It has been suggested that the bug-like tendency of science journalists to swarm, or as Philippe Marcotte and Florian Sauvageau describe it, their “propensity for grouping and mingling,” stems from their sense of isolation—from other types of reporters and even more so from their sources. Neither fish nor fowl, science writers tend to be a breed apart, often the only one of their kind in a newsroom—or, in the developing world, sometimes in an entire country.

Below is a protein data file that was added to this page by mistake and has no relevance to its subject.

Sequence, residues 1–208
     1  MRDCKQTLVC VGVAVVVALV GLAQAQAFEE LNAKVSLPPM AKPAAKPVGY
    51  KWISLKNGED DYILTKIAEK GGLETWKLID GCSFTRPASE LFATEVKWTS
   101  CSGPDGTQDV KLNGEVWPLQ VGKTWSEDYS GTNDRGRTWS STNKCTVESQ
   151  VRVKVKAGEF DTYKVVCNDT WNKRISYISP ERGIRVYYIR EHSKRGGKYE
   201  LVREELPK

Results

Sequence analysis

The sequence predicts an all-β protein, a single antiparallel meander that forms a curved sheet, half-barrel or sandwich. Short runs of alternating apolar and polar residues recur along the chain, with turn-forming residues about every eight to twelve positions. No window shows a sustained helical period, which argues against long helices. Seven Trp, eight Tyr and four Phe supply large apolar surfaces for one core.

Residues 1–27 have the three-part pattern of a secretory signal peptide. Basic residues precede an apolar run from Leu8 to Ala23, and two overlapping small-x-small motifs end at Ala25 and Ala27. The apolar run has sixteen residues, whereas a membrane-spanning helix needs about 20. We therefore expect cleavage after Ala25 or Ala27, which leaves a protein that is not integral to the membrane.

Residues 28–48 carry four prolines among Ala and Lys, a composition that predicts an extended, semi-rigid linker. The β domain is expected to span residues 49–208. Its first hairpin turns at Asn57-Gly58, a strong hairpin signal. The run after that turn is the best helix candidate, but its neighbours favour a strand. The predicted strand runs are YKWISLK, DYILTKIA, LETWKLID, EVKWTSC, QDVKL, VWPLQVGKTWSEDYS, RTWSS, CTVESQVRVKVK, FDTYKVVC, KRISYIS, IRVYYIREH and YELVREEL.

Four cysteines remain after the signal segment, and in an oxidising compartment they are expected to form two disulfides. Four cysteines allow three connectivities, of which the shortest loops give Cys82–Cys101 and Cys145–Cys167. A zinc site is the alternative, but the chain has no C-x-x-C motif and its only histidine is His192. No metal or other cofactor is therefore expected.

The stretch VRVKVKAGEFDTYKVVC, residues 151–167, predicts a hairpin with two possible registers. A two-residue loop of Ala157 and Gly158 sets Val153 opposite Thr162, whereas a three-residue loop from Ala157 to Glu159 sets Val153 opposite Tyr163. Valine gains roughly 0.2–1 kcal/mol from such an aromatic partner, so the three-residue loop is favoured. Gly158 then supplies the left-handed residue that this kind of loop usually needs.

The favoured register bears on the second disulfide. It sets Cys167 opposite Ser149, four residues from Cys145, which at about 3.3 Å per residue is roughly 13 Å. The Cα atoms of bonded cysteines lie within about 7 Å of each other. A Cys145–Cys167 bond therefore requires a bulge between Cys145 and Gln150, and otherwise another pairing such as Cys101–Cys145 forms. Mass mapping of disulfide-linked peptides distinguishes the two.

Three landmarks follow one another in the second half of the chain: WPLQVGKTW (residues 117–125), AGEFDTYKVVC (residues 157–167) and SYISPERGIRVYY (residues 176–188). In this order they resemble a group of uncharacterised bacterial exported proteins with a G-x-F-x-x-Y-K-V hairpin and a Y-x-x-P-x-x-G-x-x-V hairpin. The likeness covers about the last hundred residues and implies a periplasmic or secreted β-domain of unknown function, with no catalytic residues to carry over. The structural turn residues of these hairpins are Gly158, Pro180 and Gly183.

Surprisingly, then, the creation of mutual support systems for science writers is a relatively recent phenomenon. Although the first national group—the German Association of Science and Technical Journalists—was founded in 1929, followed by the formation of the U.S. National Association of Science Writers (NASW) in 1934, the majority of the ...

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